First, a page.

If each choice you make depletes your willpower, thereby making subsequent choices more difficult, one obvious solution is to reduce the number of times you reach a crossroads. Reduce the number of choices you make in order to save your willpower reserve for the important ones. President Obama famously stated the following, in an interview with Vanity Fair magazine:
“You’ll see I wear only gray or blue suits,” [Obama] said. “I’m trying to pare down decisions. I don’t want to make decisions about what I’m eating or wearing. Because I have too many other decisions to make.”
Some ideas to help you reduce crossroads in you day:
- Put your phone on silent to avoid checking it after every notification.
- The Night Before routine – lay out your clothes, make your lunch, replace your slippers with running shoes beside your bed.
- Throw out the garbage and stock your kitchen with only Net-Positive foods. Enjoy treats away from your house as this makes it a conscious decision.
Reducing crossroads is effectively an exercise in lifestyle design. Mold your environment to support your goals.
Willpower is like a muscle. It requires exercise to grow in strength. There are many small things you can do, small wins, that will add up over time and help keep you on track to reach your goals:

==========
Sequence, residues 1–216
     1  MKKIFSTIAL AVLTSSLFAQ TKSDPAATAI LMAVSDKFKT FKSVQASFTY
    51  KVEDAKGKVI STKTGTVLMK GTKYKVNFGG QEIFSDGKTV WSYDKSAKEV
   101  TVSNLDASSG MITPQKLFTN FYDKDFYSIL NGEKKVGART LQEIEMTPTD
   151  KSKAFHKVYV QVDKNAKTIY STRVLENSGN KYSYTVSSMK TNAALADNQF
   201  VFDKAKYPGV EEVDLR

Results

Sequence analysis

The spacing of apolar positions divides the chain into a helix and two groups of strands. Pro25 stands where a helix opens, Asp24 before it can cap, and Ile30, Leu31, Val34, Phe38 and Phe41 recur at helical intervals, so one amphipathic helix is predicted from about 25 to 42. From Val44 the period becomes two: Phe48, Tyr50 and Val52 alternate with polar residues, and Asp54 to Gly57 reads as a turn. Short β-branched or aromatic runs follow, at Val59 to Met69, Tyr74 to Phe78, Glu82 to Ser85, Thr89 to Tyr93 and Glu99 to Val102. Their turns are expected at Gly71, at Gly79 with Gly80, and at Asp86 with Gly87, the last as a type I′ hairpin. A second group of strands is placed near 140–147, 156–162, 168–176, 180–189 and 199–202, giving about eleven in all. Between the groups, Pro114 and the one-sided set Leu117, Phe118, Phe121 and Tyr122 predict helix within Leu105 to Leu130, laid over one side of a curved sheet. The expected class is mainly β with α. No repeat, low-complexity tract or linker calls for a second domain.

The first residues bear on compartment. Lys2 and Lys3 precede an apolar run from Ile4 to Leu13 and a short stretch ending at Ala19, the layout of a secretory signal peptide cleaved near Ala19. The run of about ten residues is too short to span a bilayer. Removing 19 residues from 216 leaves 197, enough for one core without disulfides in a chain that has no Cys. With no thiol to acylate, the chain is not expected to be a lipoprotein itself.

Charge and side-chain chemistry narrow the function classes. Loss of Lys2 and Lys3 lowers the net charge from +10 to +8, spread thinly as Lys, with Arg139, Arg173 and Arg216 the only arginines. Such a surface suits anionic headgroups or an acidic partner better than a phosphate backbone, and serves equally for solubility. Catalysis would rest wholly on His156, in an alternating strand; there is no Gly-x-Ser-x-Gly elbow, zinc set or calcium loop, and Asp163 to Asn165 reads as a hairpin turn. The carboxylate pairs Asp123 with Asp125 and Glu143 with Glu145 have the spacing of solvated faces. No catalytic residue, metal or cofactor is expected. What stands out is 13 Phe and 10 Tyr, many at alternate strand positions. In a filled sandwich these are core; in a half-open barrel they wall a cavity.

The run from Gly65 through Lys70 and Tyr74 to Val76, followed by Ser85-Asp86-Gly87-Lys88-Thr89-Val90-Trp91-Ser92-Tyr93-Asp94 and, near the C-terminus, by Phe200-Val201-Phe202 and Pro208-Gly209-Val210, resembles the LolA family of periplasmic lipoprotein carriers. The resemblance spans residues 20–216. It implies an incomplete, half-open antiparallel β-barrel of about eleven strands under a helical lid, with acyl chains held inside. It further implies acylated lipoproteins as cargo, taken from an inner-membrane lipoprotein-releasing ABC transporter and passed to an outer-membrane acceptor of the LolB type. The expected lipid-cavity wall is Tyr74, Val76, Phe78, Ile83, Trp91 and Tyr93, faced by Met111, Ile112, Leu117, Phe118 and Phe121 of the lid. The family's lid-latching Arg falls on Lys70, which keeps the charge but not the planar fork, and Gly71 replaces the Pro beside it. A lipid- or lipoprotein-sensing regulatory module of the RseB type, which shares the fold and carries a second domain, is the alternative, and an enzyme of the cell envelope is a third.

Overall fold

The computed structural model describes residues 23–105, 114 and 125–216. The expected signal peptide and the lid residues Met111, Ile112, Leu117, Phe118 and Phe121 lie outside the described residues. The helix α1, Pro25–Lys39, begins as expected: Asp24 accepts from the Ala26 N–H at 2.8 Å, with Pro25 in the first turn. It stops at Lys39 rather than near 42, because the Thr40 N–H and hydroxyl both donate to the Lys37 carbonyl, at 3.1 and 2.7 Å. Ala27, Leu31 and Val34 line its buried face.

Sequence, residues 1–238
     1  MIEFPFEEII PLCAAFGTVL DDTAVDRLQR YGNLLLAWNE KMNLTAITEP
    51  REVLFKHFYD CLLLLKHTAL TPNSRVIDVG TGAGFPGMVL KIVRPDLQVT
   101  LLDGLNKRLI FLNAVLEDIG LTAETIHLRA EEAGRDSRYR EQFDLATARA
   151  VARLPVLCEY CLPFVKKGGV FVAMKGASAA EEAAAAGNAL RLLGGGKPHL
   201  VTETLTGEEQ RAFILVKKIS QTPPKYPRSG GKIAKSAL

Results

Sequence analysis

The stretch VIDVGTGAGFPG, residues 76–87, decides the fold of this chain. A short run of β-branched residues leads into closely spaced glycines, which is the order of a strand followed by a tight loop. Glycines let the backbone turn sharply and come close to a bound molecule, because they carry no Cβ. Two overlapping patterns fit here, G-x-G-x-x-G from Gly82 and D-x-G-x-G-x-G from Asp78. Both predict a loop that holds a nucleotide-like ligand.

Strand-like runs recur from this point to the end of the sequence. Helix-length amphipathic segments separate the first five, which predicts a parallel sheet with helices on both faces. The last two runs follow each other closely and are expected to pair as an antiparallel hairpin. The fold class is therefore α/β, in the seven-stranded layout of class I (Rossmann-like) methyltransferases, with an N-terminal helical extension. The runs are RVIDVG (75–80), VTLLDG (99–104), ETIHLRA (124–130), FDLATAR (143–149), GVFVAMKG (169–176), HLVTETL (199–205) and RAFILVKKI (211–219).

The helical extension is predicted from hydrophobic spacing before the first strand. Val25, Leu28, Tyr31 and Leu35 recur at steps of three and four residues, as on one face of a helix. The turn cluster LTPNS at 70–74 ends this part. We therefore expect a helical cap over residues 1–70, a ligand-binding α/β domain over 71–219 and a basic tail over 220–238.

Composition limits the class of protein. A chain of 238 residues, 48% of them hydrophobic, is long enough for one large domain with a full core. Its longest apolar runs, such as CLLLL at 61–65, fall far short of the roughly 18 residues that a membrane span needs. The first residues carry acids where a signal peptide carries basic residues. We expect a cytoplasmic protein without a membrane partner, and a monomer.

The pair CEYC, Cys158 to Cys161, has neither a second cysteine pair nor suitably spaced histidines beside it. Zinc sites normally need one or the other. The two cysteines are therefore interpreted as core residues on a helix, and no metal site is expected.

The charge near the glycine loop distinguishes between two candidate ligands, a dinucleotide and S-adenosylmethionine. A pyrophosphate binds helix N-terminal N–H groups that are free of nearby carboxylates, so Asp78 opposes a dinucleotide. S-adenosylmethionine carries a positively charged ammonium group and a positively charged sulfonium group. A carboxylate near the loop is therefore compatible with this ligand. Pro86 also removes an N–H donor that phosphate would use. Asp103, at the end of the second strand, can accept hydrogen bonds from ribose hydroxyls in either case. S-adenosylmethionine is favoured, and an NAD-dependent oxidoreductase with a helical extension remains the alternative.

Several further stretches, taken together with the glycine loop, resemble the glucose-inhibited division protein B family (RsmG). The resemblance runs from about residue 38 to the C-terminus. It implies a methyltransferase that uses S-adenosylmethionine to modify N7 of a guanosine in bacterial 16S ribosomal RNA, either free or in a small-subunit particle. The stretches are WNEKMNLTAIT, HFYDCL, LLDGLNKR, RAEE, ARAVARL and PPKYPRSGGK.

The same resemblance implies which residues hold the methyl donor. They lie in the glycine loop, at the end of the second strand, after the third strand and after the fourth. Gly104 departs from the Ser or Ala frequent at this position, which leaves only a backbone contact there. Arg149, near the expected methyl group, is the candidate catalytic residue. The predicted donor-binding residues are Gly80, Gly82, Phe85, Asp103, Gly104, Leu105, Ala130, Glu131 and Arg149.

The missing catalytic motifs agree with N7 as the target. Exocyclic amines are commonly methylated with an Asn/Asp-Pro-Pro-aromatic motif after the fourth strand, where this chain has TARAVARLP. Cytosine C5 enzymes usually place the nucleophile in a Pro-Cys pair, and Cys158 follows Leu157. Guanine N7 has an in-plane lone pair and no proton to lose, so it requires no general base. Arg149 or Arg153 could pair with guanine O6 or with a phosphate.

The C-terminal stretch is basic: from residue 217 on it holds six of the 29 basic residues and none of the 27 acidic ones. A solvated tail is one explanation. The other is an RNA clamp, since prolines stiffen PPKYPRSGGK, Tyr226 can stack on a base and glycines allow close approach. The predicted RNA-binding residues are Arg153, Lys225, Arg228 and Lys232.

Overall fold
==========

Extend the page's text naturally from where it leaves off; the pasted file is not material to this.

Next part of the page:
- Make your bed first thing in the morning.
- Workout before breakfast.
- Meditate or write before bed.
It is easy to have your day run away on you (especially if you have kids!). By taking care of the important things first you will continue to make progress in the Net-Positive direction of your choosing. So take care of your most important personal goals when you first wake up. This builds willpower and confidence that you are moving in a positive direction. Save quieter, secondary goals for the evening. I suggest reading.
Seem like a lot to do for an article about doing nothing
The takeaway from all of this isn’t to do nothing by sitting on your ass. It is to make a conscious choice to not do Net-Negative actions and to give you tools to recognize and deal with each crossroad as you come to it. It is a zen inspired way of re-framing your daily experience to achieve your goals.
Actually doing nothing is harder than it seems so for those of you who need to do something when standing at that crossroads I will offer one last instruction:
Just take a great big beautiful breath, flood your body with oxygen, and give yourself the time to make the right decision – rather than going on autopilot.
Reaching your goals, or even the simple act of moving towards them in a positive direction, will give you a more positive outlook, both externally and towards yourself, and this will shine through to the whole world.
How do you reduce the crossroads in your day? What habits help you do the work towards meeting your goals?